JusticeCorps gives Knox students and recent alumni a first experience in law

Knox students and recent graduates gain experience with the law before earning their bachelor’s degree through a statewide program called JusticeCorps. In JusticeCorps, students interested in law, social work, or similar fields volunteer at a local courthouse, allowing them to gain experience working with the law as an undergraduate student.

“If someone comes to the courthouse and doesn’t know where to go, whoever works in the JusticeCorps office will help them figure out what to do,” said Thomas Bell, assistant professor of political science at Knox. “Volunteers can help them find the right form and then help them fill it out, for example. They cannot offer legal advice, but they can help people understand how to navigate a complex process. As a pre-law advisor, Bell acts as a liaison between Knox College and the JusticeCorps program.

Unlike criminal cases, defendants in civil cases are not appointed a lawyer if they cannot afford one. JusticeCorps helps these defendants bridge the gap between where they are and where they need to be, without a lawyer, for free.

“When people want to file a claim in civil court, but they don’t have legal representation or aren’t sure how to go about it, they go to the JusticeCorps office, and we walk them through this process or connect them to resources if we can’t help them at the time,” said Knox alumna Anna Rhodes ’21.

Students can serve in JusticeCorps as volunteers, members or fellows. Volunteers serve at least 8-12 hours per week for an agreed time. Members also serve 8 to 12 hours per week, but commit to 300 hours over the duration of a college semester, school year, or summer. Fellows serve either full-time (1,700 hours) or part-time (900 hours) over the course of a year, and they receive a living allowance. Knox alumnus Alicia Olejniczak ’21 was a Fellow from 2019-2020 during her freshman year at Knox and returned as a Fellow after graduating in 2021.

JusticeCorps has 12 locations that cover 11 counties in Illinois. The Galesburg site is the smallest, which gives volunteers like Olejniczak time to complete additional projects for the program, but more importantly allows them to help clients whenever possible.

“With this extra time, I am able to work on a JusticeCorps program project to help the program. I manage social media and run a book club for JusticeCorps,” Olejniczak said.

The ability of students to assist clients to the fullest can be invaluable to individuals who show up at the Knox County Courthouse.

“A lot of people who are in the courthouse have very stressful days in their lives. These are often people who don’t know much about the legal system,” Bell said.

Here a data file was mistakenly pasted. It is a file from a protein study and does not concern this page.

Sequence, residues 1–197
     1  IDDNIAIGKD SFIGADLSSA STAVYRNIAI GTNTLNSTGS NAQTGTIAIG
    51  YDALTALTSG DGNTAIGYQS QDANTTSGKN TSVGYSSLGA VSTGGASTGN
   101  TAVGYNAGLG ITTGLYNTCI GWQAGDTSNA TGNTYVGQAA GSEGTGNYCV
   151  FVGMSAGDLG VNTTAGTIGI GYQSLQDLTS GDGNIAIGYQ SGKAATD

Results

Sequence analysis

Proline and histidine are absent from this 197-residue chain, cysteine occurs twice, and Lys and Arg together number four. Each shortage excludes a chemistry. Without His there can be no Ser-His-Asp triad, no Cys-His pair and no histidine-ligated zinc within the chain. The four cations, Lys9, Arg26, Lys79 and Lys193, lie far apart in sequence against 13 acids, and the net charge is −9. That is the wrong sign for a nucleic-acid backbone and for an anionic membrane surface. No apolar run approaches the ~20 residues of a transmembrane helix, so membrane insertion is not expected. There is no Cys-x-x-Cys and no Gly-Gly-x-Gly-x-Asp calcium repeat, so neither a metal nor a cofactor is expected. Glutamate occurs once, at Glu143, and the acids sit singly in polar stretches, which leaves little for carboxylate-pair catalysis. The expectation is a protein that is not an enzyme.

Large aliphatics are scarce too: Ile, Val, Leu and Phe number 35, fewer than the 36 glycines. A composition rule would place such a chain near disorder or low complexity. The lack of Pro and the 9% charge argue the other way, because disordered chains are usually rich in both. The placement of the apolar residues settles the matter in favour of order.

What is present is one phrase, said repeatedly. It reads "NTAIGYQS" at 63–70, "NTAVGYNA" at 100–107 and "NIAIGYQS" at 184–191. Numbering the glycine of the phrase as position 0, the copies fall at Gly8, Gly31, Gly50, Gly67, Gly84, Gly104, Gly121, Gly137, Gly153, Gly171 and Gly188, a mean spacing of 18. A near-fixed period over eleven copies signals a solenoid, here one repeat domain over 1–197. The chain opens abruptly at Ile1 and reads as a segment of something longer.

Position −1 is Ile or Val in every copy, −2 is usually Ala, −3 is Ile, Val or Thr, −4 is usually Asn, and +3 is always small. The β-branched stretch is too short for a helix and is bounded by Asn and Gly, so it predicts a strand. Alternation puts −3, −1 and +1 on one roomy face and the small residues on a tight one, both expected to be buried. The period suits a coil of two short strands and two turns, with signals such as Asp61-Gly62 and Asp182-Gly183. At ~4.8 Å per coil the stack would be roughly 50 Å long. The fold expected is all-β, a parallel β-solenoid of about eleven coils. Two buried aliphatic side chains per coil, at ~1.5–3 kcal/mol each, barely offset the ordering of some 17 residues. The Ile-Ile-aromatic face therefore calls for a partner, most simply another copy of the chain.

Beyond their clients, JusticeCorps supports its volunteers throughout their service and after their participation in the program. Rhodes was a 2020 member while at Knox.

“Currently, I work as a victim advocate at a shelter for victims of domestic violence. I use a lot of the skills I learned in JusticeCorps,” Rhodes said. “For example, we do a lot of hospitality where people need immediate accommodation, so they call our line, and you have to build that rapport, that comfort with a customer, that allows them to trust you, but also understand that there are professionals at the borders.”

The skills that JusticeCorps participants learn are not only applicable beyond the courthouse, but are also skills that students enjoy learning and using.

“I really liked being able to build a relationship with someone who came to the courthouse and needed our help. JusticeCorps has really been able to provide me with a space to learn and develop these skills interpersonally and professionally with people,” Rhodes said.

Rhodes entered JusticeCorps with the intention of going to law school, but after volunteering there she developed an interest in social work and policy practice, eventually deciding to pursue social work. . For Joseph Saoud ’22, a Knox student and JusticeCorps volunteer, the program strengthened his plans to go to law school and taught him practical courthouse skills.

“We learn a lot about paperwork, important office skills and things of that nature. I like to understand the logistics of running our courthouse. It teaches you more than you think, but I like helping people who need help,” Saoud said.

JusticeCorps is aimed at students interested in law, but other students are also welcome to participate.

“A lot of opportunities like this just help students understand: is this what I want to do, or is this the work experience I want? Does it help me see how to other experiences will be better for what I want to do?” Bell said.

Rhodes believes that JusticeCorps is a space where its members can grow, regardless of their professional backgrounds or interests.

“If you want to work with people, it’s a good place to be,” Rhodes said.

About Marjorie C. Hudson

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